# Playing your way to exam success

Geniass. The Kick-Ass GCSE Revision Game! pound;29.99 + pound;4.95 pp. Extra cards at pound;4.99 per pack. Smart Aspirations. Email: sales@geniass.co.uk. Tel: 0845 130 737. www.geniass.co.uk

With exam time almost here, Peter Ransom reviews a game which makes revision more fun

I found this genuine fun and so a generous genuflection to the inventor of this inspiring game. It definitely puts the fun back into revising for both key stage 3 and GCSE as it claims on its website. It was originally conceived when Jayne McLintock, a mum with teenage children, experienced the stress and frustration caused by exam revision and decided to do something about it.

Geniass is attractively packaged with a minimum of equipment to lose.

The basic rules are swiftly learnt and so players are quickly involved in the game which can be played with 2 to 6 people. It comes with five sets of revision cards: mathematics, physics, chemistry, biology and religious studies. Further sets on history and geography can be purchased to supplement those provided. Each set consists of 100 cards with three questions on it.

As far as the mathematics cards go, Level 1 is aimed at key stage 3 (with examples from levels 3 to 6) or Foundation level GCSE; Level 2 at Intermediate level GCSE (also suitable for key stage 3 levels 5 to 8) and Level 3 at Higher level GCSE.

As an example, here are the questions on the polygon card: L1 What is the name of a polygon with 8 sides? L2 How would you calculate the exterior angle of a polygon? L3 How would you calculate the interior angle of a polygon?

Answers are given on the reverse of the card.

There are two circuits of the game board. On the outer circuit you take it in turns to answer the questions on the cards until you have answered the requisite number correctly, each player storing their incorrectly answered questions in a special envelope.

Then, on the inner circuit, the incorrectly answered question cards are removed and re-answered. The first person to have emptied their "revision wallet" then heads for the finish. To make it more than just a question and answer game there are "Assin' about" squares. If you land on one of these then you take a forfeit card and do one of the two options, one of which is less crazy than the other! For a successful forfeit a carrot card is awarded which can be traded in one of two ways.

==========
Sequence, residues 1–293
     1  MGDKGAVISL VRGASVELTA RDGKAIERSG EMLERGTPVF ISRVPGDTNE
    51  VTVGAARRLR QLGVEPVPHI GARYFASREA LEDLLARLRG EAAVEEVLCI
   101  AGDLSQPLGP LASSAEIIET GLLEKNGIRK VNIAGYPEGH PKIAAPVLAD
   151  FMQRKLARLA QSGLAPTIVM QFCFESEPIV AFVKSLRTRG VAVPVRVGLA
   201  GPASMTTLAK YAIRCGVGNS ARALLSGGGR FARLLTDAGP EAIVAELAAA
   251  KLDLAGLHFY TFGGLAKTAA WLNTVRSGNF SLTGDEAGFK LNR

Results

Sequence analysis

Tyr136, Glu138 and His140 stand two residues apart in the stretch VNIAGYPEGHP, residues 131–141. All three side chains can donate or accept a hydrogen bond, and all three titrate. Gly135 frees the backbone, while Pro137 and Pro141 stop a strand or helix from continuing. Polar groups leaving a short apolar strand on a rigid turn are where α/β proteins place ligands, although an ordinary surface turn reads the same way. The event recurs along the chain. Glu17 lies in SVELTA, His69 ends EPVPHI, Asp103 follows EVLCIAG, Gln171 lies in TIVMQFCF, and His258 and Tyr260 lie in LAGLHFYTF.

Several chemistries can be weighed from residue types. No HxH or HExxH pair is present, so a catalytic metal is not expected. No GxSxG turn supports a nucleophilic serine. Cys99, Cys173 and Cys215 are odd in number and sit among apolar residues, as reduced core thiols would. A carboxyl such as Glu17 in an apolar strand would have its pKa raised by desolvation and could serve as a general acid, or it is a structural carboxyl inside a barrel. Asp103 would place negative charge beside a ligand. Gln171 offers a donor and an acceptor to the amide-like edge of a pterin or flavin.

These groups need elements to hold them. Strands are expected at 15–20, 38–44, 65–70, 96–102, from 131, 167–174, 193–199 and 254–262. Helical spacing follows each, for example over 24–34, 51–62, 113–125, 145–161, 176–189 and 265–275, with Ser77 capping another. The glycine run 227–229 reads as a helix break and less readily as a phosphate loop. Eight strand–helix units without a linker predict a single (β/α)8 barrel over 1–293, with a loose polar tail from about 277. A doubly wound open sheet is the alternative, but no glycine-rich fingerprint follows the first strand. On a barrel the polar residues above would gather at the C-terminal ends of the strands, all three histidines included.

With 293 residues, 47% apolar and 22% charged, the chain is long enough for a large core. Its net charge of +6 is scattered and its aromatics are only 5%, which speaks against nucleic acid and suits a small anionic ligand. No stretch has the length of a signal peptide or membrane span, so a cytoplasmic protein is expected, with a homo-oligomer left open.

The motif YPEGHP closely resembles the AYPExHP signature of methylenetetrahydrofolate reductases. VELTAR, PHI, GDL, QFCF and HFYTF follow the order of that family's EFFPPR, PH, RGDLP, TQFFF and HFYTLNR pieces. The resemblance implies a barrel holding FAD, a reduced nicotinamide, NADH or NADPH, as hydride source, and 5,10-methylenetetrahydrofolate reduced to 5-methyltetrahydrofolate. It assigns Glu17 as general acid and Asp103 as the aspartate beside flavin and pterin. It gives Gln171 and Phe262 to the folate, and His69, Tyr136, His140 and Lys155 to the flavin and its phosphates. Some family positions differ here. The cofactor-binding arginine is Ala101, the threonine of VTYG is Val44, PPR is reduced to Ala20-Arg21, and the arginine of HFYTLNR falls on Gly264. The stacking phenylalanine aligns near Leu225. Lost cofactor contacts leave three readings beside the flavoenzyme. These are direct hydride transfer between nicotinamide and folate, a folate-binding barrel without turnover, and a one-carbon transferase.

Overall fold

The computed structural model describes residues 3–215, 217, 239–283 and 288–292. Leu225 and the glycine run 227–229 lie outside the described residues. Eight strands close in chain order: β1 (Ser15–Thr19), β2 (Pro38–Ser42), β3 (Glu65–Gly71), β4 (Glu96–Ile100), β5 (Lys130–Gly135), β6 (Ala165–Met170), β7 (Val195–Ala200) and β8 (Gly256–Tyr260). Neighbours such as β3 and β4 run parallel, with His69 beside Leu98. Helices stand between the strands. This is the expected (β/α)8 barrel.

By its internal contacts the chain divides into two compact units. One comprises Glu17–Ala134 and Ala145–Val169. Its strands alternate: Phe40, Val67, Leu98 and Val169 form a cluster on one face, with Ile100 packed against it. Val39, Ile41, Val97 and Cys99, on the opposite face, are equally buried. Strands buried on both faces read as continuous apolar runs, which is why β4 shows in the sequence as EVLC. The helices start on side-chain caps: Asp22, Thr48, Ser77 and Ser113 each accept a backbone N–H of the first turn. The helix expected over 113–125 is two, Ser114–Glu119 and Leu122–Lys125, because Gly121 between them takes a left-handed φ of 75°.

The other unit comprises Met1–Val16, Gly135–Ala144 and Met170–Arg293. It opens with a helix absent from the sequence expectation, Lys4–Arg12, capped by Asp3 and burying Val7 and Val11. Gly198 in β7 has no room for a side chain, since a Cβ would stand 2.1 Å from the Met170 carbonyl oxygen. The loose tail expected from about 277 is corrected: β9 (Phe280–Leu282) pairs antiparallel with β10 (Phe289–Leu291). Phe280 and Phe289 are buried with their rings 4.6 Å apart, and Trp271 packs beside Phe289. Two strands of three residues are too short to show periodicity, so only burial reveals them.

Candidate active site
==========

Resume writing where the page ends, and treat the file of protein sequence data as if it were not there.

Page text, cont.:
I trialled the game with my Year 9 KS3 maths revision class. This was a small group that thoroughly enjoyed the single-subject revision cards. In fact it was a problem keeping the Year 11 pupils who had also turned up for revision away from the game (they will get their turn shortly).

It would work extremely well with small groups of pupils and be a great way of involving family members in revision. The questions are short and by their nature are more inclined to oral work, so tend to supplement more traditional revision rather than replace it.

The cards would have benefited from careful proof-reading - powers do not always appear as such and sometimes a spurious question mark is included.

However, this does not detract too much from the game as a whole. Since the cards are subdivided into topics within each subject you can take out specific cards and use them to revise just one topic at a time.

So, not the cheapest revision materials on the market, but one that gets young people away from the computer and encourages family andor friends to get actively involved and so broadens everyone's knowledge.

It will also give me lots of quick-fire questions for lesson plenaries at this testing time!

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